Blue Origin Engine Facility
Owner: Blue Origin
Lead Design Firm: Lamar Johnson Collaborative
Structural Engineer: Tucker-Jones Engineers Associated P.C.
Constructing the 400,000-sq-ft facility for manufacturing liquid-fueled rocket engines in just 10 months was a true space race, as the design changed extensively as the project evolved. Adapting to dramatic alterations in building layouts, spacing and heights required teamwide collaboration to maintain the owner’s operational and quality requirements. Three-dimensional modeling helped optimize interior and process layouts, while extensive value engineering yielded cost-effective alternatives that absorbed all additional costs. Incorporating seasonal data to determine solar loading on the building’s entrance lobby during different times of the day and year led to the selection of a more suitable window tint for the clerestory above the office, with walls slightly repositioned to prevent excessive heating.
Inside, the plant’s numerous equipment foundations were large and atypically shaped, many reaching 3 ft deep and requiring multiple layers of reinforcement. Because the largest foundation—40 ft by 80 ft with 15 different elevations—could not be constructed until the structure was erected, building information modeling technology proved essential in optimizing locations for mechanical and electrical pathways.
Early subcontractor involvement enabled the Clayco-led project team to address other challenges and potential risks, from mitigating unstable soils to safeguarding a precisely poured finished concrete floor from heavy construction machinery. Erecting the building’s 100,000-sq-ft steel-framed central office spine in the middle of an active industrial project brought its own concerns, as drywall construction, painting and millwork had to be safely performed alongside heavy industrial installations. The project team’s unique approach to safety was put to the test during the last two months, when the project ramped up to more than 350 employees from 100. In the end, the project team worked 586 days and nearly 304,000 hours with no lost-time injuries.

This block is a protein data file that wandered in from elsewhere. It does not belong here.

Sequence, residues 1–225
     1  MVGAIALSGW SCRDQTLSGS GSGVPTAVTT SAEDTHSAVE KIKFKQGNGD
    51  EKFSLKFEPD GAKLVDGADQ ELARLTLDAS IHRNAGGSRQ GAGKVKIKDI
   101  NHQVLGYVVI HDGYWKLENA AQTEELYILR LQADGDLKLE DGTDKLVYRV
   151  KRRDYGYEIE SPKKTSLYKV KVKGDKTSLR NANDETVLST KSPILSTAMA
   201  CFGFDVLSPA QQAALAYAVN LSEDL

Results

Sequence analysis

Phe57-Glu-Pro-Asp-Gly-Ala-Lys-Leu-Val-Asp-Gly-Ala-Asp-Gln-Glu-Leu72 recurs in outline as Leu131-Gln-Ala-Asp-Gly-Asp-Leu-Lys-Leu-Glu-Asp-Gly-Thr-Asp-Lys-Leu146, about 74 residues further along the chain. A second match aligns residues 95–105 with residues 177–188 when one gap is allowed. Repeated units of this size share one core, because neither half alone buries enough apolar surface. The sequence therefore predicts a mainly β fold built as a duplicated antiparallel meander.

In the coming years, the facility will play a critical role in sending the first humans to Mars by housing tooling, equipment and operations required to manufacture Blue Origin’s next-generation rocket engines. The facility also includes a significant amount of automation as well as machining, cleaning, assembly integration, avionics component building and testing.
Connectivity between engineering and manufacturing is enhanced by nearly continuous observation glass that minimizes physical separation. Staff and visitor amenities extend outside with an inviting visitor entrance plaza and garden area.